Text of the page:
Gerhard Richter Says He’s Shocked by the State of the Art Market
He even claims his own works are overpriced.
The most expensive living artist in Europe, Gerhard Richter, criticized the art market and denounced the hype surrounding contemporary artists, including himself, as a “cult of personality.”
Speaking to the German weekly Die Zeit, the 83-year-old painter said the exorbitant prices his artworks achieve at auction were proof of how “insanely the art market has developed,” and how the prices have nothing to do with the work.
He expressed his disbelief at the fact that even his signed postcards were being sold on the market and fetching high prices, calling it a “frightening development.”
In a previous interview with Die Zeit in March, Richter spoke about the record-breaking $46.3 million sale of his painting Abstraktes Bild (1986), making him one of the most expensive European artists of 2015.
“I am startled [by record prices] even though it’s nice, good news. The sum however has something shocking. You know the whole art market is hopelessly excessive […] it is incomprehensible, as incomprehensible to me as Chinese or physics.”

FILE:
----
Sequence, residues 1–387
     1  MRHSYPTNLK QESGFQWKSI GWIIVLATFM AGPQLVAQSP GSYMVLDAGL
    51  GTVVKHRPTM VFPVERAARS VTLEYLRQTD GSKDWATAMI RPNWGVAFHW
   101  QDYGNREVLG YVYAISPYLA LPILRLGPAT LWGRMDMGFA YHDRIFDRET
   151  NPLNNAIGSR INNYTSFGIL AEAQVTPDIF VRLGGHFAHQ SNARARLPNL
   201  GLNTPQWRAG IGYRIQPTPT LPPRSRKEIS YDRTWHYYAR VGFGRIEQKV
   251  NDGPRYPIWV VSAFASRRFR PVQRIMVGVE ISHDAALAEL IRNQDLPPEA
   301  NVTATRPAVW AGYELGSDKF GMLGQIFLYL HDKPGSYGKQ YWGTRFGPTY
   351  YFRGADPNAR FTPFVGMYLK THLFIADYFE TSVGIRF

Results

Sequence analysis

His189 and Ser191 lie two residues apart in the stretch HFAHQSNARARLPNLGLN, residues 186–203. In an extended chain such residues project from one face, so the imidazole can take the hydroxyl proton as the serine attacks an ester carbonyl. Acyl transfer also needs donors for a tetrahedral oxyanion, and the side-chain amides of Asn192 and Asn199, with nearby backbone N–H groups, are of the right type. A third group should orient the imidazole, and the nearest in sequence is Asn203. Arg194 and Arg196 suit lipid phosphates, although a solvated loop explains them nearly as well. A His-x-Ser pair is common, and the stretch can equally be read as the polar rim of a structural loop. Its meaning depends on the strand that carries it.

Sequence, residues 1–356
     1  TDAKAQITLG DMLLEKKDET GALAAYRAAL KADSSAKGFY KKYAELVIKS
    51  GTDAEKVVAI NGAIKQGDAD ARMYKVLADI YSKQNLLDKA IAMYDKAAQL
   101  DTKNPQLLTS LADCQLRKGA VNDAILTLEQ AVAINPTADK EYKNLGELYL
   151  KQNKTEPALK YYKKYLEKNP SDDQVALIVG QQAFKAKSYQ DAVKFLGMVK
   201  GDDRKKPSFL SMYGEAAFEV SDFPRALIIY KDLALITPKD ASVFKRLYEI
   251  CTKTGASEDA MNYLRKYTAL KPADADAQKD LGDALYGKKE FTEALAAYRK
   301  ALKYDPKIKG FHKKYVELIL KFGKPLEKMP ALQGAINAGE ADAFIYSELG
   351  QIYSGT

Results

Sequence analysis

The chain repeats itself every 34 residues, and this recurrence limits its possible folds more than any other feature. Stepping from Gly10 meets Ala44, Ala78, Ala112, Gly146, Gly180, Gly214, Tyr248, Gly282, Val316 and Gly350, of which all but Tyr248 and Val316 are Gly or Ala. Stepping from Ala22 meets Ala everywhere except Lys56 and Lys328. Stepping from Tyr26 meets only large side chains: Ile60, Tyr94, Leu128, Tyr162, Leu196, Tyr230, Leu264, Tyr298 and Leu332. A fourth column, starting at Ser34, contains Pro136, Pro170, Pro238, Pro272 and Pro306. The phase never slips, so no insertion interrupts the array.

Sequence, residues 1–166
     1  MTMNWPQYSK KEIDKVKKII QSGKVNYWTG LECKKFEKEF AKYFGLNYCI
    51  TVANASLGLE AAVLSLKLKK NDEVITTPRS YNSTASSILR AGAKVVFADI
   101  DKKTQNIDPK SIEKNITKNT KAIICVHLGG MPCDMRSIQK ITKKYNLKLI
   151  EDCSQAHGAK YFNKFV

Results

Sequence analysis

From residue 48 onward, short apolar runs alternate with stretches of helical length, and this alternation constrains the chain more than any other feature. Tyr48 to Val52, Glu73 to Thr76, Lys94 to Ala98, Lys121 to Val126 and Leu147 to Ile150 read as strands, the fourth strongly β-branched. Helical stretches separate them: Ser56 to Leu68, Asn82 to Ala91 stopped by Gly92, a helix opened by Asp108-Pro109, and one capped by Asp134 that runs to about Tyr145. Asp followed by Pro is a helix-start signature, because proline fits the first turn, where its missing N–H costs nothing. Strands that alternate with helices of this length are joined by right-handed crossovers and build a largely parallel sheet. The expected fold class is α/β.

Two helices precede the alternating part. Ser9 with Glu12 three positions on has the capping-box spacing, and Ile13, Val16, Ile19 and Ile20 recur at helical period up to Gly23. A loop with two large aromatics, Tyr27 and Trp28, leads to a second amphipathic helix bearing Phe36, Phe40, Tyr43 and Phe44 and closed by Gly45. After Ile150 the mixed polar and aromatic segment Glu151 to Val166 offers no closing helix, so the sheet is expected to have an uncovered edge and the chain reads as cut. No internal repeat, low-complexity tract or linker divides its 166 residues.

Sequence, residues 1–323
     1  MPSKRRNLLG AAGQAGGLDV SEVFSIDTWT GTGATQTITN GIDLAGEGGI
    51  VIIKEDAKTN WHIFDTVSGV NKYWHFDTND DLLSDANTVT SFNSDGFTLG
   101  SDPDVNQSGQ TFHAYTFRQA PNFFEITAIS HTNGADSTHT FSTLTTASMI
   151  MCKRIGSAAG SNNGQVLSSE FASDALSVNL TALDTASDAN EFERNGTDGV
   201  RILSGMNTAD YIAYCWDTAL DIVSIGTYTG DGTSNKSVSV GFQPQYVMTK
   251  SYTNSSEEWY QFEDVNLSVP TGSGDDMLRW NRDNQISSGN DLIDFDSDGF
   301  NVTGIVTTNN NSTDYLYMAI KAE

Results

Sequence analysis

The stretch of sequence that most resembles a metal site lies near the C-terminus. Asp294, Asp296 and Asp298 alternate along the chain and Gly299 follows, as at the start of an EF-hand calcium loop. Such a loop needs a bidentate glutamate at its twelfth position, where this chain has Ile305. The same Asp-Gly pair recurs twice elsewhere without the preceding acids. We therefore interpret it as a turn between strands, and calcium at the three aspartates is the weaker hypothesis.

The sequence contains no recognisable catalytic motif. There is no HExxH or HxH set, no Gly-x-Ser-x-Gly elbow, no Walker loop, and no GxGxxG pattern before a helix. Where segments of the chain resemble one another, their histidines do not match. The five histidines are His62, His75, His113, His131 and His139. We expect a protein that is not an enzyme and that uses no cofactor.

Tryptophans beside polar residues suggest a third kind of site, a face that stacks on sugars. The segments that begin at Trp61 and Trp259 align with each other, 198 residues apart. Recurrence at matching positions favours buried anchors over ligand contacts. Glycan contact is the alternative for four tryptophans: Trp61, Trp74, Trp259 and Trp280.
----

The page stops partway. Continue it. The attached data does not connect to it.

He explained that there was a large disparity between quality and price in the art market, citing the $31.7 million sale of his own painting Domplatz, Mailand (1968) as an example.
“I found it odd,” he said. “I don’t think it’s so great, although it inspired me to make many other city pictures. When I heard how much it cost at auction, I thought, oh, that is totally overpriced.”
He went on to label the increasing importance of auctions in the art market as “pretty shocking.”
Richter said “When you look at the catalogs which are becoming increasingly terrible you wouldn’t believe what nonsense is being offered at prices that continue to climb upwards. For serious galleries the business is consequently becoming even more difficult.”
The artist also had something to say about Germany’s controversial cultural protection legislation amendment. “The idea of holding on to [important artworks] is nice, but completely outdated,” Richter said. “It really doesn’t matter whether the Mona Lisa hangs in Paris or in Rome as long as it can be viewed by the public and everything possible is done to preserve it.”
Richter has been a vocal critic of the German government’s plans and even joined fellow artist and compatriot Georg Baselitz in threatening to pull his loaned works from German museums should the government go ahead with the plans.
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